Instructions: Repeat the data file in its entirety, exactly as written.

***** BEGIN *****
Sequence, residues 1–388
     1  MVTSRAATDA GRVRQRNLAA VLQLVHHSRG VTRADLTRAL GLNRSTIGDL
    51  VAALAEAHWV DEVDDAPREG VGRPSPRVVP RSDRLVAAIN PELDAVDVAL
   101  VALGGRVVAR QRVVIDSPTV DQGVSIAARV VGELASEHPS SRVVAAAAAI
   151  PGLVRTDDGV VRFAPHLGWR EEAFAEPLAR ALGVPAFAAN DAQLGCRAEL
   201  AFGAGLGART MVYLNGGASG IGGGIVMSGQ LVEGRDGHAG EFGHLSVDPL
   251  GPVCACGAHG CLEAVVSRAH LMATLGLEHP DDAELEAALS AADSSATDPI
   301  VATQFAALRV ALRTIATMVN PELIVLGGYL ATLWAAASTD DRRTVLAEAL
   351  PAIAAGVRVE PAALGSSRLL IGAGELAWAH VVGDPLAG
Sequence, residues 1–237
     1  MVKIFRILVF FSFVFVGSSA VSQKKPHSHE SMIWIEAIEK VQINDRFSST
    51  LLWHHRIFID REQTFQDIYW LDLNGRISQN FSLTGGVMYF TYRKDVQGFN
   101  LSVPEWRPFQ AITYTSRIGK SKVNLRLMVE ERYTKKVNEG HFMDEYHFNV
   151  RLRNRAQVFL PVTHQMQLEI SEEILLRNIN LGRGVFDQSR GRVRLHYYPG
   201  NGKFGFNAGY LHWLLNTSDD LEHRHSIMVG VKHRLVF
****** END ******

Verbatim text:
Sequence, residues 1–388
     1  MVTSRAATDA GRVRQRNLAA VLQLVHHSRG VTRADLTRAL GLNRSTIGDL
    51  VAALAEAHWV DEVDDAPREG VGRPSPRVVP RSDRLVAAIN PELDAVDVAL
   101  VALGGRVVAR QRVVIDSPTV DQGVSIAARV VGELASEHPS SRVVAAAAAI
   151  PGLVRTDDGV VRFAPHLGWR EEAFAEPLAR ALGVPAFAAN DAQLGCRAEL
   201  AFGAGLGART MVYLNGGASG IGGGIVMSGQ LVEGRDGHAG EFGHLSVDPL
   251  GPVCACGAHG CLEAVVSRAH LMATLGLEHP DDAELEAALS AADSSATDPI
   301  VATQFAALRV ALRTIATMVN PELIVLGGYL ATLWAAASTD DRRTVLAEAL
   351  PAIAAGVRVE PAALGSSRLL IGAGELAWAH VVGDPLAG
Sequence, residues 1–237
     1  MVKIFRILVF FSFVFVGSSA VSQKKPHSHE SMIWIEAIEK VQINDRFSST
    51  LLWHHRIFID REQTFQDIYW LDLNGRISQN FSLTGGVMYF TYRKDVQGFN
   101  LSVPEWRPFQ AITYTSRIGK SKVNLRLMVE ERYTKKVNEG HFMDEYHFNV
   151  RLRNRAQVFL PVTHQMQLEI SEEILLRNIN LGRGVFDQSR GRVRLHYYPG
   201  NGKFGFNAGY LHWLLNTSDD LEHRHSIMVG VKHRLVF